The sleep easy way to save and invest for retirement
For a few years now, I’ve been inspired and motivated by early retirement. Or, for any members of the “retirement police” out there at least semi-retirement. The ability to work on our own terms sounds more and more appealing with time.
We’re certainly not there yet, to start any part-time work, but we’re slowly getting there. We’re optimistic if we keep our saving and investing habits (along with paying down debt) we’ll be able to start some part-time work in about five years or so. That means some form of semi-retirement is lurking, and that’s exciting!
On our financial journey I’ve been fortunate to meet a number of fine folks who are willing to share their own financial stories with me. Today’s post is another one of those stories.
- Name: Marko Koskenoja
- Age: 58
- Family status: Married without children
- Retired since: 2018
- Retirement plans: Spend as much time outdoors as possible, leave for Ecuador (or someplace similar) on November 1, come back to Northern Ontario for a few months in the winter and leave for the south again for March and April, back to the North for May through October.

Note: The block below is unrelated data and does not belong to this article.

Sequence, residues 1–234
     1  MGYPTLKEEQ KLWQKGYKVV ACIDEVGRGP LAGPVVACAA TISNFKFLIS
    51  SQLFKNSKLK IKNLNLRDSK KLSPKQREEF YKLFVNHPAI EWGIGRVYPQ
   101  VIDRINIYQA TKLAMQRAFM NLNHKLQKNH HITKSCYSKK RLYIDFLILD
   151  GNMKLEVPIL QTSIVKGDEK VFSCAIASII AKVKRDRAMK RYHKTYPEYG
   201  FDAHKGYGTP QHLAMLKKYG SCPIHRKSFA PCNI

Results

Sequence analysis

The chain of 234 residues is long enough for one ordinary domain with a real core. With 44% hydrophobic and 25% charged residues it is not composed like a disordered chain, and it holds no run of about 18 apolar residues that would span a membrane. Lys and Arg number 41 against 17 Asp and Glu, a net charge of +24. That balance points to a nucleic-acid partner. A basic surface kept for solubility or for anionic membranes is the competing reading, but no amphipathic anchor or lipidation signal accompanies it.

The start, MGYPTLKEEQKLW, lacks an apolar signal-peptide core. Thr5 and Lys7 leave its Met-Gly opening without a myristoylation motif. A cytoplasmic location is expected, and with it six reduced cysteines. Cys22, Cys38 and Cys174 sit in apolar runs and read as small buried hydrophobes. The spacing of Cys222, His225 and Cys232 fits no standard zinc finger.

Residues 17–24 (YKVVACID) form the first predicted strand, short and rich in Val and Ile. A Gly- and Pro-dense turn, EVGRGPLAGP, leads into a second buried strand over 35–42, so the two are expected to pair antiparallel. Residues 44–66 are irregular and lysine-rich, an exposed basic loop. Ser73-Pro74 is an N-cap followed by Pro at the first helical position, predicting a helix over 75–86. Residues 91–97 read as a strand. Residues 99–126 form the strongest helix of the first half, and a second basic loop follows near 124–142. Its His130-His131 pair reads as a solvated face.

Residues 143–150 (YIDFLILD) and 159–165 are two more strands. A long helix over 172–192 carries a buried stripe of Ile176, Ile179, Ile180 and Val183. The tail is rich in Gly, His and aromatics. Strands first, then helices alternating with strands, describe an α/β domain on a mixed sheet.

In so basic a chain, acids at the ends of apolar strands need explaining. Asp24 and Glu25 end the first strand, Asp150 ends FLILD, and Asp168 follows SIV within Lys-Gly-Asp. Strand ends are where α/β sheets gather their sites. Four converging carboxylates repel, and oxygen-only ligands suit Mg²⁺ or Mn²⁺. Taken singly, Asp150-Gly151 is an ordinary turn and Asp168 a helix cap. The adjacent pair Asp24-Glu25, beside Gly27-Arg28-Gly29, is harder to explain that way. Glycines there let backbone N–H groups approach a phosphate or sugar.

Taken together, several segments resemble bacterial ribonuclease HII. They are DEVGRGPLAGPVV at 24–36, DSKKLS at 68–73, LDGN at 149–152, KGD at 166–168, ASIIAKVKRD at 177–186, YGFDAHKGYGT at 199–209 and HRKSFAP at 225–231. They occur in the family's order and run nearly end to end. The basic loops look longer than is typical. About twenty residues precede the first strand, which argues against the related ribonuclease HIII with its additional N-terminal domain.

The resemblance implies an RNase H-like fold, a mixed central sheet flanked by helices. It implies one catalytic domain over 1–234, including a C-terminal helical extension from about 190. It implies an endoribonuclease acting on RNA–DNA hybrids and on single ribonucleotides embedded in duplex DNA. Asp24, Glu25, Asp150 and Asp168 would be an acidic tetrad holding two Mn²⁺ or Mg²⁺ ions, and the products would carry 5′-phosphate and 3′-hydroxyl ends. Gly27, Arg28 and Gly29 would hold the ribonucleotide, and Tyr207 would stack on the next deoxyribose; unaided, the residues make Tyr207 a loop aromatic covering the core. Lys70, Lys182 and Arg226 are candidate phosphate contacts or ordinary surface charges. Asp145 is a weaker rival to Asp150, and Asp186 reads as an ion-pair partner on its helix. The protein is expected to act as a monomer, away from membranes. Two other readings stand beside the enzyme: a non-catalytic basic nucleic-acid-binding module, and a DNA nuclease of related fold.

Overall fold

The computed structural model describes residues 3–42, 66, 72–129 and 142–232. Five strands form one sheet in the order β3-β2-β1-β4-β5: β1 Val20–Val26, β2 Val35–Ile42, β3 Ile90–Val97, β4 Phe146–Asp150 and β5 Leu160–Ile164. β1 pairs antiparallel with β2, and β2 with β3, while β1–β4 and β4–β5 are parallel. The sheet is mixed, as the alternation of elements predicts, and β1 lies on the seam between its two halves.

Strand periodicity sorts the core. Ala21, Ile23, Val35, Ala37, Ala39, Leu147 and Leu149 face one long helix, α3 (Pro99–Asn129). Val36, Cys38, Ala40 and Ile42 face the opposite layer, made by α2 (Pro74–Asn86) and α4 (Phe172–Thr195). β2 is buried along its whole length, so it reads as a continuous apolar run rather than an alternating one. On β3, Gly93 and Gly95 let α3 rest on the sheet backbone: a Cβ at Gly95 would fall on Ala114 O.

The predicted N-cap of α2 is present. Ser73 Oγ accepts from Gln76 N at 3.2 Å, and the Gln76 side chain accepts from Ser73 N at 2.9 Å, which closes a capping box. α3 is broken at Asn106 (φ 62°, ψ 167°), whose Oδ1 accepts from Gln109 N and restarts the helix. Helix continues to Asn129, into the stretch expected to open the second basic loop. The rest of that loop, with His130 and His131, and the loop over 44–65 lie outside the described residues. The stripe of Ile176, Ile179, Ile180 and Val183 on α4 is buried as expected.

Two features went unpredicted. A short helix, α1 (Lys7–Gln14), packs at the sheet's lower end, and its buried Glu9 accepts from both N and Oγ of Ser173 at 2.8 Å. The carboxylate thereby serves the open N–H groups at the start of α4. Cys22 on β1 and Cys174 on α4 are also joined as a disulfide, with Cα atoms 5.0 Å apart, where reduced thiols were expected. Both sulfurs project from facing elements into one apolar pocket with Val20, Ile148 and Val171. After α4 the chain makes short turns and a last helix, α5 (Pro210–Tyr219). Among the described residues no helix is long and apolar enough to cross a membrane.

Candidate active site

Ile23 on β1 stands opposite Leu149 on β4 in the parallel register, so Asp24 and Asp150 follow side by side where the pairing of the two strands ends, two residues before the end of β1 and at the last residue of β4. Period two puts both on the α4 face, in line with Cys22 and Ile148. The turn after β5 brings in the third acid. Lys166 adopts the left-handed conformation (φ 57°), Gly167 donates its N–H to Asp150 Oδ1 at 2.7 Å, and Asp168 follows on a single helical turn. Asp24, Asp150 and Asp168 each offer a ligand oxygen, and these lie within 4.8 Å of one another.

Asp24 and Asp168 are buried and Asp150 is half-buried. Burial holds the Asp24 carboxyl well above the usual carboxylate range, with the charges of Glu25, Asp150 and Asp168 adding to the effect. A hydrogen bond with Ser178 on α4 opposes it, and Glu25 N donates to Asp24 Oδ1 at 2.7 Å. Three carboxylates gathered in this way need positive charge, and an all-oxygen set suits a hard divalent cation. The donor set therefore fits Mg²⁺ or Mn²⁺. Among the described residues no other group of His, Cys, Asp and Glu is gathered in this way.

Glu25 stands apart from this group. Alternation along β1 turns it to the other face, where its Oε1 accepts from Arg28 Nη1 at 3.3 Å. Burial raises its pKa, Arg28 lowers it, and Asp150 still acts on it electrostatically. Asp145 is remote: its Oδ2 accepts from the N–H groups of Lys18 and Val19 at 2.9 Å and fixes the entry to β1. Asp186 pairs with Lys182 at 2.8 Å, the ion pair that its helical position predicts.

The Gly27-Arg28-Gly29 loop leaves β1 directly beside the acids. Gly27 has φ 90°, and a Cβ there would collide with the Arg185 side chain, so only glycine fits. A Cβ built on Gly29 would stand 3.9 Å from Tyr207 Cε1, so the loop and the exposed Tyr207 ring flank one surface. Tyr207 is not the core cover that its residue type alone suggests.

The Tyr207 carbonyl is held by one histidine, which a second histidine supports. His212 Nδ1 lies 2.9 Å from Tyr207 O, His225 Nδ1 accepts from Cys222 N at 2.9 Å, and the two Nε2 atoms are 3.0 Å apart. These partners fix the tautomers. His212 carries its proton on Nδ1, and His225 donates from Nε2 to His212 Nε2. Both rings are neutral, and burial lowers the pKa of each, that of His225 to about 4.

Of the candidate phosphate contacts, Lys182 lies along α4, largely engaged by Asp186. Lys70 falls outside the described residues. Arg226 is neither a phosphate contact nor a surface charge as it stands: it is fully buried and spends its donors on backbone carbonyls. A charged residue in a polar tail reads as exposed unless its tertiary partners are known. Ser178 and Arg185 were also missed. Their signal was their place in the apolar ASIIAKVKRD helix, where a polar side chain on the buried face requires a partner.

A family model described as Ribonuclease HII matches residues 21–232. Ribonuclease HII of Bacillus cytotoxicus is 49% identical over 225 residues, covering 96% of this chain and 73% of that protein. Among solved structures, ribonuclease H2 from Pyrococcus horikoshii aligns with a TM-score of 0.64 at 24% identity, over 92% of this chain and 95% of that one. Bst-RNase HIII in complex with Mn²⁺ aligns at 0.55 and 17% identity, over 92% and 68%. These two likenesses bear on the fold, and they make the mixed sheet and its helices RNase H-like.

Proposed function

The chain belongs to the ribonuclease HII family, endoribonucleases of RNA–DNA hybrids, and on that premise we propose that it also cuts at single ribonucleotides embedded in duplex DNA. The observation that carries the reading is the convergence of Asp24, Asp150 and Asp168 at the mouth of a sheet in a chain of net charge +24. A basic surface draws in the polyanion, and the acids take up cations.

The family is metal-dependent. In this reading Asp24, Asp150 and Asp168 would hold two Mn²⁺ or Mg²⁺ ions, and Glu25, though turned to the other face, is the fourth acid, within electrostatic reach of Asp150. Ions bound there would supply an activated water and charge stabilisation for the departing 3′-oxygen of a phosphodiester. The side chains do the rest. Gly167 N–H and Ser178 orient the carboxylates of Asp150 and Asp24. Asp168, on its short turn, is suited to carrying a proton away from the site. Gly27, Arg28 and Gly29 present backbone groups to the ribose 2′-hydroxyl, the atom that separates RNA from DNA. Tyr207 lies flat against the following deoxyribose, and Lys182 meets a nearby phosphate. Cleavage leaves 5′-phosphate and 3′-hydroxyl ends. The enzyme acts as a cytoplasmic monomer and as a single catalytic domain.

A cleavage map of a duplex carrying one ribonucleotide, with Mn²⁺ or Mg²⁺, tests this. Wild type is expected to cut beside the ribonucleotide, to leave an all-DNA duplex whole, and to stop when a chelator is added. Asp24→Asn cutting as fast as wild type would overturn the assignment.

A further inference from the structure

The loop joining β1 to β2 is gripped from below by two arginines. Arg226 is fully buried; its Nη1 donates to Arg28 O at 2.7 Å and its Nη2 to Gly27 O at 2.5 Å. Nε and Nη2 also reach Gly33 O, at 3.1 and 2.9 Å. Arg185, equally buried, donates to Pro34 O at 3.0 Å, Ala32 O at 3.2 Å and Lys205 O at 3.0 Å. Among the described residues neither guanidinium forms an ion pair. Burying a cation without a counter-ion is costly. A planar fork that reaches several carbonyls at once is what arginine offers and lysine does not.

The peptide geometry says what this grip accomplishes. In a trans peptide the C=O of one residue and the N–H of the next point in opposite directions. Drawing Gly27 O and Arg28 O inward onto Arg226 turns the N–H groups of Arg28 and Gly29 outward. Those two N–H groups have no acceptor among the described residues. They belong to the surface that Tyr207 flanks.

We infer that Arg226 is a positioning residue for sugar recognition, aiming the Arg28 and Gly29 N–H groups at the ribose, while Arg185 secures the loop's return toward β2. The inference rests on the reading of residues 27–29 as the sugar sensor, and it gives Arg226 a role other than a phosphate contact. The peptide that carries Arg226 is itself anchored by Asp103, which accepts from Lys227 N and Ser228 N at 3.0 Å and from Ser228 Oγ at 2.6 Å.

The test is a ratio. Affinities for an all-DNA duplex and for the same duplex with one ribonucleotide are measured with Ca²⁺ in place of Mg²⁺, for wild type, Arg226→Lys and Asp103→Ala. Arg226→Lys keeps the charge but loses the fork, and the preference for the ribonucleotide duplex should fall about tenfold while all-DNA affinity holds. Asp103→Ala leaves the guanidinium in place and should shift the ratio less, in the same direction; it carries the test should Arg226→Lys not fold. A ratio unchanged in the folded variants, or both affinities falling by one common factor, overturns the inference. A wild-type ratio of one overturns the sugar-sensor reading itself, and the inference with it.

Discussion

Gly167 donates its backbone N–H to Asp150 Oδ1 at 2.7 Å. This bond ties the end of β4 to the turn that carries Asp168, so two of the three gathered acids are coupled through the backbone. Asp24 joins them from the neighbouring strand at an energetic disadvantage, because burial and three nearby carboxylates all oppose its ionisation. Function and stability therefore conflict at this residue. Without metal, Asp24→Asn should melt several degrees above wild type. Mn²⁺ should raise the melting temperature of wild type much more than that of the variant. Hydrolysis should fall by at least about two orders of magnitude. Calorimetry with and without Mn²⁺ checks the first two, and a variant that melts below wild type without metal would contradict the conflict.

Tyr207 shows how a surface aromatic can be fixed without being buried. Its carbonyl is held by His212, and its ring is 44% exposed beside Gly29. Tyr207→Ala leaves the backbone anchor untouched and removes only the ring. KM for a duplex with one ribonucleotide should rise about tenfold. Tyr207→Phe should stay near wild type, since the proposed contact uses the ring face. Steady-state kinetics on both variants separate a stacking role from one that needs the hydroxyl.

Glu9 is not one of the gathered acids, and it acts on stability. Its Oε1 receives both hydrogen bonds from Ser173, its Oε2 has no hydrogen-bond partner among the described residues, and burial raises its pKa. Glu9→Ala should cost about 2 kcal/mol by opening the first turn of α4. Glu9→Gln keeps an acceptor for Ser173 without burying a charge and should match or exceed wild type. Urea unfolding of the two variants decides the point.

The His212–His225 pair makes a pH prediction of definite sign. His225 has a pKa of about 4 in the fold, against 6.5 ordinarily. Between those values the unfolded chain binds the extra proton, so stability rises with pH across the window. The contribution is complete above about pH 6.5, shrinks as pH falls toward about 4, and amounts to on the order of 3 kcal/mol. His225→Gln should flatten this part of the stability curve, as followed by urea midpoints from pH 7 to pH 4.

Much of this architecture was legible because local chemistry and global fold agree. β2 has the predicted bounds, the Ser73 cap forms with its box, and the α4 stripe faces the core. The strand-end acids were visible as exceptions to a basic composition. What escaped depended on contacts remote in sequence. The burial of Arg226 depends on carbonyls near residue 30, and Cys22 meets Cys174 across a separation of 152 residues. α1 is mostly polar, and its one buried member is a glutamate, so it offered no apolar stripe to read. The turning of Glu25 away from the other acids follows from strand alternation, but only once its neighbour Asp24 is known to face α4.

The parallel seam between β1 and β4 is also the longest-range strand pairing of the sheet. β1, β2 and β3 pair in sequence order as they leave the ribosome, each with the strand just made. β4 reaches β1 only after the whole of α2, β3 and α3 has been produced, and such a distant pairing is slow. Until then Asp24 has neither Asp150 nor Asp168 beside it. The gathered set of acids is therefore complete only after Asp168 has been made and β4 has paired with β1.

- Retirement worries: None and you’ll read why below.
Thanks for this Marko, great to have you on the site. When and how did you get started in investing?
Back when I was a kid my savings went into a savings account at the local CIBC. I learned to save money and live from my savings year-round when I was 15. I got first job working road construction in the summer as a student. I was making $4.50/hr and working about 60 to 80 hours per week. I saved enough money that I could live from it through the upcoming school year. I never had to work part-time at minimum wage jobs and I had more than enough money to enjoy things that were important to me back then.
It was a seminal experience that shaped my thinking about time and money, what the cost of things were; vis-a-vis needs vs. wants.
After school, when I began my full-time career in telecom, I continued my savings ways but bought mutual funds from bank clerks at my local TD branch in Parkdale (Queen & Dufferin area of Toronto).
Funny enough, I lived very close to that area in Toronto for some time. I know that branch. (Been in Ottawa since 2001.) Back to you Marko, what was your savings rate was while you were working?
Maybe 25%? I never had a number in mind. I spent my career in telecommunications sales/management with salary and bonuses/commissions. In that structure I was able to live from my salary and save/invest most of the residual income. I also became keenly aware of the freedom having money provided. I was able to take years off to travel and enjoy life without worrying about paying bills or my future.
Impressive. What was your investing journey and approach? What did you invest in and why?
Probably similar to many who subscribe to the DIY/My Own Advisor approach.